Linn Washington Jr.
Twice in recent weeks President Donald Trump reinforced his image of ignorance on African-Americans with astounding statements. Those statements amplified concerns about this president who rose to the Oval Office through a campaign tarred by brazen bigotry from his surrogates, his supporters and himself.
During a recent press conference, where Trump’s deportment was assessed as bizarre by conservatives and liberals, the self-proclaimed “least racist person…ever” evidenced ignorance about the Congressional Black Caucus (CBC) – that 46-year-old Capitol Hill contingent concerned with issues important to African-Americans.
During that press conference Trump bizarrely asked an African-American journalist to arrange a meeting for him with the CBC and Trump falsely stated that a CBC member rejected his repeated requests to meet with that black congressman.
Days before that press conference flub-up, President Trump made a faux pas regarding legendary 19th Century black activist Frederick Douglass during a White House meeting with a dozen-plus handpicked blacks held on the first day of African-American History Month.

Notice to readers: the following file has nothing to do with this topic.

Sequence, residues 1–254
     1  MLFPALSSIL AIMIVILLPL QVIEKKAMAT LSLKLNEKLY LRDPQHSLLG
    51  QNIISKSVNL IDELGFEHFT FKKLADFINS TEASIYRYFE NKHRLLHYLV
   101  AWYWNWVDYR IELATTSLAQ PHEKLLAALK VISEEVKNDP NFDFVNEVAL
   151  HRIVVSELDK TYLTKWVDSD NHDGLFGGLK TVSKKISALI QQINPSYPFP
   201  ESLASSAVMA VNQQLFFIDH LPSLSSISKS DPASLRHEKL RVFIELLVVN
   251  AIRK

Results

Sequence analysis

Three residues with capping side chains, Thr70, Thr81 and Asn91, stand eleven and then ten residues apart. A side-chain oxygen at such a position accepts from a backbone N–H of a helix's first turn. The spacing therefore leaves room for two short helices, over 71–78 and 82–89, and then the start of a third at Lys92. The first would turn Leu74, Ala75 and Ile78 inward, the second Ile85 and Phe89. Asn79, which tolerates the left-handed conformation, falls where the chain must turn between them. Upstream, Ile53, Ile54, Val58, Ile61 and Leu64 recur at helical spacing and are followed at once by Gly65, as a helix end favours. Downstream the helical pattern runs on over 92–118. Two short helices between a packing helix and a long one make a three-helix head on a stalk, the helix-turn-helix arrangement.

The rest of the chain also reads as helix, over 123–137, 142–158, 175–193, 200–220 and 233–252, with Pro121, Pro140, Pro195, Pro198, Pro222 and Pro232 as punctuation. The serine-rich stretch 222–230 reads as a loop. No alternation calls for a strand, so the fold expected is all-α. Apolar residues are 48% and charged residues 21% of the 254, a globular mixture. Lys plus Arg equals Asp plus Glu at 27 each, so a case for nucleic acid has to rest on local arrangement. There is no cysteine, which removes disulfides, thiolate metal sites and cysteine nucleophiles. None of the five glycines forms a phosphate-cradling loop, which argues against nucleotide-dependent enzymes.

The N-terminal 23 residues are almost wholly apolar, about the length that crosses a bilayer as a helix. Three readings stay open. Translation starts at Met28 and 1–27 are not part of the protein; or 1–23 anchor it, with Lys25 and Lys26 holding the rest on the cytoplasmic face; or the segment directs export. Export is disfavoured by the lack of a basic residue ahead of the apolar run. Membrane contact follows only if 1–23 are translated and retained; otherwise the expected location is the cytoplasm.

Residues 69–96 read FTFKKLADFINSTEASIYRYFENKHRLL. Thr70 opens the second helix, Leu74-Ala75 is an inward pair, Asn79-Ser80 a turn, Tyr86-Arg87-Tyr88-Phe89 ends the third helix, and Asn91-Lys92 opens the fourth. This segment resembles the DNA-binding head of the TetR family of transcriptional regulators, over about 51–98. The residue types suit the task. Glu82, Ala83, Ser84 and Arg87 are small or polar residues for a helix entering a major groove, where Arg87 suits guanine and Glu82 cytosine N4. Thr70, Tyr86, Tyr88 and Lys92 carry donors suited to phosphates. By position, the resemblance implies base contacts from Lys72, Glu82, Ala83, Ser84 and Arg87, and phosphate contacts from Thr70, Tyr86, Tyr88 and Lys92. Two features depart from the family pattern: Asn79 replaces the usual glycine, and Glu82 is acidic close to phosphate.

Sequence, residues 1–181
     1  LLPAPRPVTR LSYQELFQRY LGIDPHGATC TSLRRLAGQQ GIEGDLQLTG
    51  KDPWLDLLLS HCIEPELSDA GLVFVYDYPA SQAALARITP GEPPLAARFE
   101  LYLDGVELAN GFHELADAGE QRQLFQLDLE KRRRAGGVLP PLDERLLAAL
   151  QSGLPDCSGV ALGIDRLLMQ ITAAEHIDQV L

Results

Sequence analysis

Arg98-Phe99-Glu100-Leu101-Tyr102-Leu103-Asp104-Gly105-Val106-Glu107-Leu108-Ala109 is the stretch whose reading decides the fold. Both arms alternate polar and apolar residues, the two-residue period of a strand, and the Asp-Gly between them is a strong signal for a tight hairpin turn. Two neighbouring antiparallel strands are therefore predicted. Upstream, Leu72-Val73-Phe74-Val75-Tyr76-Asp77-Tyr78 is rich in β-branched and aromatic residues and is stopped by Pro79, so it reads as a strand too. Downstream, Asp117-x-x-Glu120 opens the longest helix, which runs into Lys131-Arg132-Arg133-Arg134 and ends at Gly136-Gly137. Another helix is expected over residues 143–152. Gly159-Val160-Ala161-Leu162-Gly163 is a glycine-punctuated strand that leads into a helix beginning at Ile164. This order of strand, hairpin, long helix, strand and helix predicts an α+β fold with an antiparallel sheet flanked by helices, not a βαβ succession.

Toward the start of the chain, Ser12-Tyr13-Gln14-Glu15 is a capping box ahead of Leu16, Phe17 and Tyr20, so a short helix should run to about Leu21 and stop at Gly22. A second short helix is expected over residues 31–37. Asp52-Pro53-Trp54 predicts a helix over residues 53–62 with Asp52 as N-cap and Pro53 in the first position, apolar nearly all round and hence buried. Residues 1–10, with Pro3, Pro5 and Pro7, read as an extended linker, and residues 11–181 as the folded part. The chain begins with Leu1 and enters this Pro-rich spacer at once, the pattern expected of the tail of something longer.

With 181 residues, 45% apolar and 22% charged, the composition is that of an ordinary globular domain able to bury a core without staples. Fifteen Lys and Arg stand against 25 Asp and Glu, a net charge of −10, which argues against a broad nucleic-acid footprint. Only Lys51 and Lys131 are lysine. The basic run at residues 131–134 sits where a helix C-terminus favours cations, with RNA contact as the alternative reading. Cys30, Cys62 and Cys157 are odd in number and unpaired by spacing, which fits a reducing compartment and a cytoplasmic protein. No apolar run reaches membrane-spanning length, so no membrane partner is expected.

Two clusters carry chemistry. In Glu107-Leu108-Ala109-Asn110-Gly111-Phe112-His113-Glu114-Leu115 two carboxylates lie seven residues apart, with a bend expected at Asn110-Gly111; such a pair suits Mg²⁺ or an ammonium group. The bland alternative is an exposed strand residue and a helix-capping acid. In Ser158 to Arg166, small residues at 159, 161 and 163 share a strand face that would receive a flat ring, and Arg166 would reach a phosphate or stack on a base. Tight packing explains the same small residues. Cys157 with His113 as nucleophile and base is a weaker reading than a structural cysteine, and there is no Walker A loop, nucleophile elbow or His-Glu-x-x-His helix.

During remarks at that February 1st “listening session” Trump referenced Douglass as if the fabled abolitionist/orator/statesman was still alive. Trump flubbed the fact that Douglass died 122-years ago, in February 1895.
Sketch of Frederick Douglass at Blockson Afro-American Collection in Philadelphia. LBWPhoto
Douglass died in DC at his home that is now a National Historic Site located less than five miles from the White House. Trump’s faux pas on Frederick Douglass ignited widespread ridicule, from social media postings to mainstream news media accounts.
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